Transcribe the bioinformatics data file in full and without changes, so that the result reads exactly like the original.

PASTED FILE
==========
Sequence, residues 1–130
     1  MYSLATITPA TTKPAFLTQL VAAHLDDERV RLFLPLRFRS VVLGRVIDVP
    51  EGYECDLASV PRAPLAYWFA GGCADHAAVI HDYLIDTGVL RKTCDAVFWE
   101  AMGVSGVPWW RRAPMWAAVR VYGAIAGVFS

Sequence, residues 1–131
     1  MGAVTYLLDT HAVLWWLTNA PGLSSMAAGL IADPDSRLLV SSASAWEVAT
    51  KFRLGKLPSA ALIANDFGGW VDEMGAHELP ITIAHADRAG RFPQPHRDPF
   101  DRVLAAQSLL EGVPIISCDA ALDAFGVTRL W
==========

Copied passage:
Sequence, residues 1–130
     1  MYSLATITPA TTKPAFLTQL VAAHLDDERV RLFLPLRFRS VVLGRVIDVP
    51  EGYECDLASV PRAPLAYWFA GGCADHAAVI HDYLIDTGVL RKTCDAVFWE
   101  AMGVSGVPWW RRAPMWAAVR VYGAIAGVFS

Sequence, residues 1–131
     1  MGAVTYLLDT HAVLWWLTNA PGLSSMAAGL IADPDSRLLV SSASAWEVAT
    51  KFRLGKLPSA ALIANDFGGW VDEMGAHELP ITIAHADRAG RFPQPHRDPF
   101  DRVLAAQSLL EGVPIISCDA ALDAFGVTRL W